Tuesday, November 30, 2010

Virtualization, Bundling, and Browser Wars?

What do "Virtualization, Bundling, and Browser Wars" have in common. Well, an hour ago I would have probably said "What???!!!"

I feel a bit differently now.

The question on ebizQ's Cloud Computing forum today was about how private clouds is impacting the virtualization strategies of companies and referred to a blog posting by Mike Vizard.
Mike brings up a few very interesting points. However, what really grabbed my attention was the following statement:

"... Canonical this week partnered with Convirture to add an open source virtualization management platform to its Ubuntu distribution of Linux."

Now that is interesting. Imagine every operating system/platform with its own virtualization capability. Wait, it's already happening! Furthermore, the built in virtualization is optimized for the platform and vice versa.

Pretty cool, or is it?

Now think back to the time when Microsoft bundled its browser, IE, with its Windows Operating System.

If you can't recall, here's a refresher:

"United States v. Microsoft was a set of consolidated civil actions filed against Microsoft Corporation pursuant to the Sherman Antitrust Act on May 18, 1998 by the United States Department of Justice (DOJ) and 20 U.S. states who alleged that Microsoft abused monopoly power. The issue central to the case was whether Microsoft was allowed to bundle its flagship Internet Explorer (IE) web browser software with its Microsoft Windows operating system. Bundling them together is alleged to have been responsible for Microsoft's victory in the browser wars as every Windows user had a copy of Internet Explorer. It was further alleged that this unfairly restricted the market for competing web browsers (such as Netscape Navigator or Opera)..."

Funny how history has a way of repeating itself. Let's just hope that in this case it stops repeating itself at the "bundling" part and not at the "billions of dollars spent in legal fees" part!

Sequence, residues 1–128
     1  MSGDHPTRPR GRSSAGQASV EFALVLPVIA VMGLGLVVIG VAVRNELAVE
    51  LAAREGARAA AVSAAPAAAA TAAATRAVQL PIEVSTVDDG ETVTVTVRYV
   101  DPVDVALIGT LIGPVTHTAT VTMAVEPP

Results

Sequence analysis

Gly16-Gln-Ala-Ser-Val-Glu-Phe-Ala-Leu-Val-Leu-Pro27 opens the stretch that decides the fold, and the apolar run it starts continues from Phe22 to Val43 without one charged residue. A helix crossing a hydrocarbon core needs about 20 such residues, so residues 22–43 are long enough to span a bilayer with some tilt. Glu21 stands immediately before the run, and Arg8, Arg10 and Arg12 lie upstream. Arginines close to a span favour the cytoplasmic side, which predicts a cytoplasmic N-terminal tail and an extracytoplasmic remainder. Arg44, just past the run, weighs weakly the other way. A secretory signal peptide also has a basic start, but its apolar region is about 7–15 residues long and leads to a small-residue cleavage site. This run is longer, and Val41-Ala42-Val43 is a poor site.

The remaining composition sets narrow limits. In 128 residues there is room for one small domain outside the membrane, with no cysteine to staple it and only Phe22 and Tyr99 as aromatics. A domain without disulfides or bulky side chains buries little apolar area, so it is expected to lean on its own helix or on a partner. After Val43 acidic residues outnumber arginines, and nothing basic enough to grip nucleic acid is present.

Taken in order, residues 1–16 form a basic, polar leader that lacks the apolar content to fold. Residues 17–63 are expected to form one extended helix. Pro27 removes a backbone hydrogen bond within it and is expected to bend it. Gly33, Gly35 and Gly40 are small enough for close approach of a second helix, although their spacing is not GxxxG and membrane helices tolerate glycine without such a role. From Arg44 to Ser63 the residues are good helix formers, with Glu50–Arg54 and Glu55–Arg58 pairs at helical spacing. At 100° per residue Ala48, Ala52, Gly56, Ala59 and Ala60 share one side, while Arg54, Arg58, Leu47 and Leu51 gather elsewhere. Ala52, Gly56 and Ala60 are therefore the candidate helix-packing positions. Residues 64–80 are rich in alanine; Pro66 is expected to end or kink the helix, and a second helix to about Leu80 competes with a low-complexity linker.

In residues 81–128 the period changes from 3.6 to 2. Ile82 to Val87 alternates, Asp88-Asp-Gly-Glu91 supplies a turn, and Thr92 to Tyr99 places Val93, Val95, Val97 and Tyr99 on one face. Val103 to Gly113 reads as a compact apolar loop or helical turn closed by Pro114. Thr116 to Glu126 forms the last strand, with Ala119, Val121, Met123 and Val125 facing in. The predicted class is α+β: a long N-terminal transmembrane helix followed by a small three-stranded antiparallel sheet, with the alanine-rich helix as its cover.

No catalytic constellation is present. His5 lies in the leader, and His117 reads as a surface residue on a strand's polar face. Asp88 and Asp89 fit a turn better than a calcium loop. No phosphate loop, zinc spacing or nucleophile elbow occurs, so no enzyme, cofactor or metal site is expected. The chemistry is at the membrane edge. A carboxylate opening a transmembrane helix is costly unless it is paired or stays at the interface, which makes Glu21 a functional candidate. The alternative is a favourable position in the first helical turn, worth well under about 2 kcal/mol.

* Originally posted on the ebizQ Cloud Computing forum on November 4, 2010.

My Podcast - The Battle for the Clouds.

Listen to my latest podcast The battle for the clouds is on: Tarak Modi explains.

Feel free to send comments. I look forward to your feedback and suggestions for future podcasts.

Tuesday, November 23, 2010

AFCEA Cloud Conference - Here's what you missed!

I attended the AFCEA Cloud Conference yesterday held at the Johns Hopkins Kossiakoff Center in Laurel MD. The sessions in the conference were organized as interactive town hall style discussions in three topic areas:
  1. Cloud Security Policy and Guidance
  2. Cloud Security Architecture and Technology
  3. Secure Cloud Operations
I targeted the policy and guidance sessions. Here are just a few of the golden nuggets that I have distilled:  
  • Information used to support the mission; now it is the mission.
  • We have the same problems as did before; the difference is we dont have the luxury of time anymore.
  • Everything is assymetric.
  • Global interconnectivity makes Private Clouds an oxymoron.
  • Build sidewalks where people walk; create cloud policy that facilitates the way users use the cloud.
  • Warfighters are inherently agile; cloud policy needs to be such as well.